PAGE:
The act exempts the Morgan School building project in Clinton from various statutory and regulatory requirements to allow it to qualify for an additional state school construction reimbursement. The reimbursement applies to costs associated with construction-related professional service fees relating to site acquisition for the Morgan School project, provided the costs do not exceed $1.7 million (PA 15-5, June Special Session, § 344, effective upon passage).
School Building Improvement Grants
Existing law established a grant program for general school building improvements that are not normally reimbursable by state school construction grants. The bond act expands the law to cover alliance districts (i.e., the 30 lowest academic performing districts in the state, which include priority school districts) rather than just the priority school districts (i.e., the 15 districts whose students receive low standardized test scores and have high levels of poverty). It also authorizes $50 million in bonds each year for FY 16 and FY 17 to fund the program.
The act also expands an already detailed list of reimbursable improvements by adding (1) technology systems; (2) floors; (3) cafeteria equipment; (4) water supplies and drainage related to restroom upgrades; (5) energy-efficient lighting system and control upgrades; (6) entryway, driveway, parking, play area, and athletic field upgrades; (7) equipment upgrades; (8) roof repairs, including energy efficient fixtures and systems, and environmental enhancements; and (9) security equipment upgrades (PA 15-1, June Special Session, §§ 13(b), 32(b) & 59, effective (1) July 1, 2015 for program changes and FY 16 bond authorizations and (2) July 1, 2016 for FY 17 bond authorizations).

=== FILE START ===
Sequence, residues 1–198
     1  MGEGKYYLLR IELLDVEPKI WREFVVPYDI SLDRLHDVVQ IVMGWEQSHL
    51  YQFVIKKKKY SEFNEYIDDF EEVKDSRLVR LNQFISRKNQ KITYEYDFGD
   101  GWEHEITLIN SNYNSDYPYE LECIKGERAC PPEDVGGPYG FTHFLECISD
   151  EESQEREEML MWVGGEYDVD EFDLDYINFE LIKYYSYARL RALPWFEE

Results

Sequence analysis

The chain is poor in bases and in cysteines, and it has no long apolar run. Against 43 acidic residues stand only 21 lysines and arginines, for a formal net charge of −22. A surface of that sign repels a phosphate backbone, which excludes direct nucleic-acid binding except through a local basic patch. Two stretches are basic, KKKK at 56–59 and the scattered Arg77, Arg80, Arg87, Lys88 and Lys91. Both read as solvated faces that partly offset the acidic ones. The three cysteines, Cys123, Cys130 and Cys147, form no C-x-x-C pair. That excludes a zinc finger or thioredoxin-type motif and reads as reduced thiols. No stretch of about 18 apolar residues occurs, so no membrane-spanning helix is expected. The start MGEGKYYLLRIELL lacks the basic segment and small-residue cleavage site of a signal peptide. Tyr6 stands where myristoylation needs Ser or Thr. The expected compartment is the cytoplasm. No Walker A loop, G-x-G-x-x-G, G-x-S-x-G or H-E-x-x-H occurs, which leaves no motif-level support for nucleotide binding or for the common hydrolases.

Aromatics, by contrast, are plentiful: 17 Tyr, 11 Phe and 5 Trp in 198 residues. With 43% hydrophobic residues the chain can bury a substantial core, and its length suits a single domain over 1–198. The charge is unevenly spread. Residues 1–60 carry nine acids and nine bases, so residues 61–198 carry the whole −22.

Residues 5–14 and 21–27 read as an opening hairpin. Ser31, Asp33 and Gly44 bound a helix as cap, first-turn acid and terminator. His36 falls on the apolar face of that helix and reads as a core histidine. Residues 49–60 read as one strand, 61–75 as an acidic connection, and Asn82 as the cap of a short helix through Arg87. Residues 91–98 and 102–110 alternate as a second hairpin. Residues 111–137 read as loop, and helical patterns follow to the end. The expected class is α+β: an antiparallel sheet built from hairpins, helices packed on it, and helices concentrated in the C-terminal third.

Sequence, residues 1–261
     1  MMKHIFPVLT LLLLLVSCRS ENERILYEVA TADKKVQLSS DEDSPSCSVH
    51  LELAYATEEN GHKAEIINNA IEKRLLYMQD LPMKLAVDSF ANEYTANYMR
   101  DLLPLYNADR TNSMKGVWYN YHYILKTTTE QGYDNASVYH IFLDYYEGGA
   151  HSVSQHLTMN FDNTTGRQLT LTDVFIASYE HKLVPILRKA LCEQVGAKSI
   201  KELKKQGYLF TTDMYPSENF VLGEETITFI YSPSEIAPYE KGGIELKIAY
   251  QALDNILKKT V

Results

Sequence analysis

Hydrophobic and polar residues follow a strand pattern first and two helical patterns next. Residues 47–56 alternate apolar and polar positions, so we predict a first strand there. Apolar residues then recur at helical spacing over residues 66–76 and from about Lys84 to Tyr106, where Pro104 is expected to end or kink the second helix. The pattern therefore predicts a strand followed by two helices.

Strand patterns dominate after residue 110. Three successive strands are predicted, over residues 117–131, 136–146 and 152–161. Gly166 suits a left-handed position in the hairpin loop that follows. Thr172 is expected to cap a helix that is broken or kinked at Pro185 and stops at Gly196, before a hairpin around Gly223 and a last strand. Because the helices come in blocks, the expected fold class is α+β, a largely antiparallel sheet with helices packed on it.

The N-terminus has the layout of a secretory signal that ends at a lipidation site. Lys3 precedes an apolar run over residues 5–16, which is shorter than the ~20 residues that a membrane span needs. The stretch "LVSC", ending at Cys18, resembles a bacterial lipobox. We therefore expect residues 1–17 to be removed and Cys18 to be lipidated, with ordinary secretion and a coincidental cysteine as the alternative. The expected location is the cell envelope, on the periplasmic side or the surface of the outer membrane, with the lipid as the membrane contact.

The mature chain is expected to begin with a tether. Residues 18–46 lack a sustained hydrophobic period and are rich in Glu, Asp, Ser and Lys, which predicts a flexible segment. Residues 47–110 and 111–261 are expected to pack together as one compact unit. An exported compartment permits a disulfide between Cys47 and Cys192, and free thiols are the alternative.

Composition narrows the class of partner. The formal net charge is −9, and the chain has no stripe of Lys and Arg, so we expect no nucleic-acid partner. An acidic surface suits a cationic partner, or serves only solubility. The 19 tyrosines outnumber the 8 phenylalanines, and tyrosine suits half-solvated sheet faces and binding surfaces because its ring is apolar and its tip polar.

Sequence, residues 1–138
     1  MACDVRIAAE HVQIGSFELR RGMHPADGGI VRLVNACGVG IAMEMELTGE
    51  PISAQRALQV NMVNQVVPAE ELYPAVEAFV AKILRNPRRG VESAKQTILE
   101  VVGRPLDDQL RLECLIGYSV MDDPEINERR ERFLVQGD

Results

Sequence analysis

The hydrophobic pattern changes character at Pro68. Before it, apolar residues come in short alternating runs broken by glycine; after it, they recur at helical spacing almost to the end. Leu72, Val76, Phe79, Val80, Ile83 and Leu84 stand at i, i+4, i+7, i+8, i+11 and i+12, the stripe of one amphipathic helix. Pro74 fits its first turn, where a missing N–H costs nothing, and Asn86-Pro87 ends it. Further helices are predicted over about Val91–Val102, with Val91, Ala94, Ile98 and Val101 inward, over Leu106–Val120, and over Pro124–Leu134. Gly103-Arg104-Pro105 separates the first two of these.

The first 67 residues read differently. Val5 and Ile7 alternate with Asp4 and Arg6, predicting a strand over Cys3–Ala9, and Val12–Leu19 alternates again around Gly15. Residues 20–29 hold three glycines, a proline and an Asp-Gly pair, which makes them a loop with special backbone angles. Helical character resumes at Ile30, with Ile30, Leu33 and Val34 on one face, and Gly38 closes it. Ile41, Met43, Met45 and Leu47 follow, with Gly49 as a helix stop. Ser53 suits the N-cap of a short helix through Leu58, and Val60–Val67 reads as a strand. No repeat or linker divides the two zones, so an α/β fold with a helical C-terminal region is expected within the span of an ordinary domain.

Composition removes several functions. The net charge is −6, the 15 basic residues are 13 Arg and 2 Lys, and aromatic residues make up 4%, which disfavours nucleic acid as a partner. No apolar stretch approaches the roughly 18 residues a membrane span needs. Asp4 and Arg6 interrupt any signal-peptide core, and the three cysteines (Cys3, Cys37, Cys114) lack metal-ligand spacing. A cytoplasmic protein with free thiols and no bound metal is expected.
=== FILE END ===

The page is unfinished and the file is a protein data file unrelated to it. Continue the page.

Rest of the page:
School Projects Authorized and Reauthorized
The legislature (1) authorized $180.7 million in grant commitments for 18 new school construction projects, (2) reauthorized and changed grant commitments for nine previously authorized projects with significant changes in cost and scope for an additional $298.2 million in grant commitments, and (3) exempted specified school construction projects from various statutory and regulatory requirements to allow them to qualify for state grants (resulting in at least $303 million in additional costs to the state; some project data was not available to make a final estimate) (PA 15-3, June Special Session, §§ 1, 10-59, 61-62, effective upon passage; § 60, effective July 1, 2015).
School Safety Infrastructure Council
A new law expands the School Safety Infrastructure Council membership from 10 to 11 by adding a member who must be a licensed architect appointed by the governor. The council is charged with developing and updating school safety infrastructure standards for all school construction projects (PA 15-3, June Special Session, § 5, effective July 1, 2015).
Securing Local Share of a School Construction Project
The school construction act allows the Department of Administrative Services (DAS) to place a project on the school construction priority list (i.e., the eligibility list for the school construction bill) before local approval of the local cost share, provided the applying town schedules a referendum to approve the local share with the referendum results to be submitted to DAS before November 15 of the year of application (PA 15-3, June Special Session, § 4, effective July 1, 2015).
SCHOOL DISTRICTS AND BOARDS OF EDUCATION
Alternative Education Programs
A new act (1) defines “alternative education” as a school or program operated by a local or regional board of education offered to students in a nontraditional setting that addresses their social, emotional, behavioral, and academic needs and (2) clarifies the statutes by consistently using this term. It also assigns several new duties to SDE regarding alternative education, including requiring SDE to develop guidelines for alternative education.